Editorial on the Hospital Strike
Montreal Gazette, June 20, 1934, p. 12
The striking internes of the Notre Dame Hospital and four other French-Canadian hospitals have returned to their posts, but the strike was not won by them; it was won by Dr. Sam Rabinovitch, who was willing to sacrifice his position in order that the hospitals might maintain the efficiency of their services and that their patients might have all the care and attention available under normal conditions. Dr. Rabinovitch did what no one of the other internes did; he placed the standards of his profession, the moral responsibility of the physician, above every personal or racial consideration; the responsibility for depriving the hospitals and their patients of the necessary medical and surgical personnel, a responsibility which rested so lightly on his fellow-internes, he declined to assume. His action altogether has been worthy and honorable, and from the standpoint of professional ethics he has set an example which those who declined to work with him will do well to emulate. Dr. Rabinovitch need not have resigned. The Notre Dame Hospital authorities were prepared to fulfil their contract with him and it was with reluctance that they were finally persuaded, by Dr. Rabinovitch himself, to allow him to leave the hospital. By this sacrifice Dr. Rabinovitch has rebuked the striking internes far more severely than in anything which appears in his letter of resignation. He has placed the interest of humanity first, as any worthwhile physician is bound to do, and not even the insult to his race has been permitted by him to influence his course. Undoubtedly and most emphatically the victory is his. The striking internes have returned to duties which they had deserted in thoroughly discreditable circumstances. They have submitted some form of apology to the Notre dame hospital which covers only the act of insubordination, and they have been reinstated. If they are satisfied with this outcome there is no much more to be said; the situation as regards their conduct is adequately summarized in the resolutions adopted unanimously by the administrative board of the Notre Dame Hospital in conjunction with the Medical Council.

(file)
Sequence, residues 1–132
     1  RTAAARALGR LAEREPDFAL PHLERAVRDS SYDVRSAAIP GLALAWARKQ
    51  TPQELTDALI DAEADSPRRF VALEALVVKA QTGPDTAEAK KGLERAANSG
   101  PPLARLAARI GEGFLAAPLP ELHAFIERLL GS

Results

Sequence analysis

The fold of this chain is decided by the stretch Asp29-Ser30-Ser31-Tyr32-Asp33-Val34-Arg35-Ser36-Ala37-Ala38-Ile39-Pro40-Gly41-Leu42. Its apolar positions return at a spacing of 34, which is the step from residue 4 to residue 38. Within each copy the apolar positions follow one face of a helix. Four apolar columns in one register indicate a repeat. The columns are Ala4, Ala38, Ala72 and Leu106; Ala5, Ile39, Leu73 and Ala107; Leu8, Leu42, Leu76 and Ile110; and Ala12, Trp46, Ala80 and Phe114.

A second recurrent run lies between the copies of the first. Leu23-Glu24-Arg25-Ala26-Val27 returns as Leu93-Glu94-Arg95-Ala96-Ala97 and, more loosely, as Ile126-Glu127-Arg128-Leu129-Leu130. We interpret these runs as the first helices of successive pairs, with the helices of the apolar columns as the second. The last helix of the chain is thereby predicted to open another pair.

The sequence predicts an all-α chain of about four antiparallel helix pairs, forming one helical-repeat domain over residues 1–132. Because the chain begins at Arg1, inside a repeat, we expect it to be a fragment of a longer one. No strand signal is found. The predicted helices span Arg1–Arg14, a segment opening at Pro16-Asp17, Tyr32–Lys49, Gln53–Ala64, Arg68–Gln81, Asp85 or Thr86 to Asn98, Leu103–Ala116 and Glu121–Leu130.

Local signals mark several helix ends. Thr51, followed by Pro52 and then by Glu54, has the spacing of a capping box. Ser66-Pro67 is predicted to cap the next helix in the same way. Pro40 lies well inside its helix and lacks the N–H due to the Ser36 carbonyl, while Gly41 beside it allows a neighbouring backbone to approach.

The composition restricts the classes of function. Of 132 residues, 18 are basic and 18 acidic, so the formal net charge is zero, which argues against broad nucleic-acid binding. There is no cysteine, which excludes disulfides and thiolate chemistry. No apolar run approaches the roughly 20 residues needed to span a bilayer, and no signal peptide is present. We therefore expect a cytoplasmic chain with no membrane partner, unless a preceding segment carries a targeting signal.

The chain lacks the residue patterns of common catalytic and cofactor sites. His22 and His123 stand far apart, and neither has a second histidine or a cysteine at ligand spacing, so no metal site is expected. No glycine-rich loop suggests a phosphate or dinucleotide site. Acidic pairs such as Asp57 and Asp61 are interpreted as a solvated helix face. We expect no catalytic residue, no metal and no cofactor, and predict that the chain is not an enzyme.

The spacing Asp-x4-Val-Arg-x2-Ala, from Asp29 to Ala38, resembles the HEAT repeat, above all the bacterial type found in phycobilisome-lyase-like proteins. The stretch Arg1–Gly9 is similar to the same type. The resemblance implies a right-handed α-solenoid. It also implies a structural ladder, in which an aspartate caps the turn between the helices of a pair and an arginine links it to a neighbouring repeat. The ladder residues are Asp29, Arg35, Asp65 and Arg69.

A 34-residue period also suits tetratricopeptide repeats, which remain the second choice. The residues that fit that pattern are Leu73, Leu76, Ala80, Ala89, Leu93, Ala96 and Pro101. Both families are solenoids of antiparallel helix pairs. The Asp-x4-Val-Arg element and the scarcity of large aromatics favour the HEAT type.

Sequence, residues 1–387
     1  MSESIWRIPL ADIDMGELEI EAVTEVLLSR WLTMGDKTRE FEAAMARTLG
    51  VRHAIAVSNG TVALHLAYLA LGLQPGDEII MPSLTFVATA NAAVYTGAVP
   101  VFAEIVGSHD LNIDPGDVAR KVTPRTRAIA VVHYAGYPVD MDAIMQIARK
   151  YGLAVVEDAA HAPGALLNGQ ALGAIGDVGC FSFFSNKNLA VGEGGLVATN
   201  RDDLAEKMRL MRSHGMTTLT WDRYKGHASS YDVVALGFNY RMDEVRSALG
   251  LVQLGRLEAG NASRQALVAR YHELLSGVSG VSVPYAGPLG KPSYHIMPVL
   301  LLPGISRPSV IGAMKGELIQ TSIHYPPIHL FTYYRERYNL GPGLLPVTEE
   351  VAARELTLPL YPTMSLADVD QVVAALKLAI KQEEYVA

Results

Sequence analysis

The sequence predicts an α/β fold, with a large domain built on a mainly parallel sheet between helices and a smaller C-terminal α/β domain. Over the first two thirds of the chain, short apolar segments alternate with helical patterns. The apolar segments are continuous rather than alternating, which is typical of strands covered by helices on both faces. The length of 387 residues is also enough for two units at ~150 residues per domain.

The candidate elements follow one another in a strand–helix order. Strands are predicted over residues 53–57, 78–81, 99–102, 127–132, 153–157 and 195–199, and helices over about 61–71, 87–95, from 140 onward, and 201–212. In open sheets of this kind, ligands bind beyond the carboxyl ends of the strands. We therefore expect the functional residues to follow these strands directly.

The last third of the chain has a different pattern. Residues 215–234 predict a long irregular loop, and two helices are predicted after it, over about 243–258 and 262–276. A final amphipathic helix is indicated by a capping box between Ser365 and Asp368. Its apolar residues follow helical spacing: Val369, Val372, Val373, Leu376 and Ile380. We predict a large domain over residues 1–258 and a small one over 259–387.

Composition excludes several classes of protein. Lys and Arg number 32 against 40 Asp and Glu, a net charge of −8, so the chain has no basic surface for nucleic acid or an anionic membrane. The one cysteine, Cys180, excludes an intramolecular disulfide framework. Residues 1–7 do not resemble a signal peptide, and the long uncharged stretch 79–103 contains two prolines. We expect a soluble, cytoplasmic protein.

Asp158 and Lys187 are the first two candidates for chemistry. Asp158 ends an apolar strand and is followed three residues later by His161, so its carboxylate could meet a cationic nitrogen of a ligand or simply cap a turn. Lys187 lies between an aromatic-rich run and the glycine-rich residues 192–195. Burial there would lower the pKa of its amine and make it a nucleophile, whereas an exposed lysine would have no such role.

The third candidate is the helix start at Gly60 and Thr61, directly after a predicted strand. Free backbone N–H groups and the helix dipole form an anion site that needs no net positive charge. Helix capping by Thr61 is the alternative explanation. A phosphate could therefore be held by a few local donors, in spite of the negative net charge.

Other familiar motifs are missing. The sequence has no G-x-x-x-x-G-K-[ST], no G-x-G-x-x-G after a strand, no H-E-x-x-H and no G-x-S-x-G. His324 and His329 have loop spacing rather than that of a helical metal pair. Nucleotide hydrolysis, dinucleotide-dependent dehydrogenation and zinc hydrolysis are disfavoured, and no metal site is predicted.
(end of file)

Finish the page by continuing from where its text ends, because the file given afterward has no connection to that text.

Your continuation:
© 1999 Claude Bélanger, Marianopolis College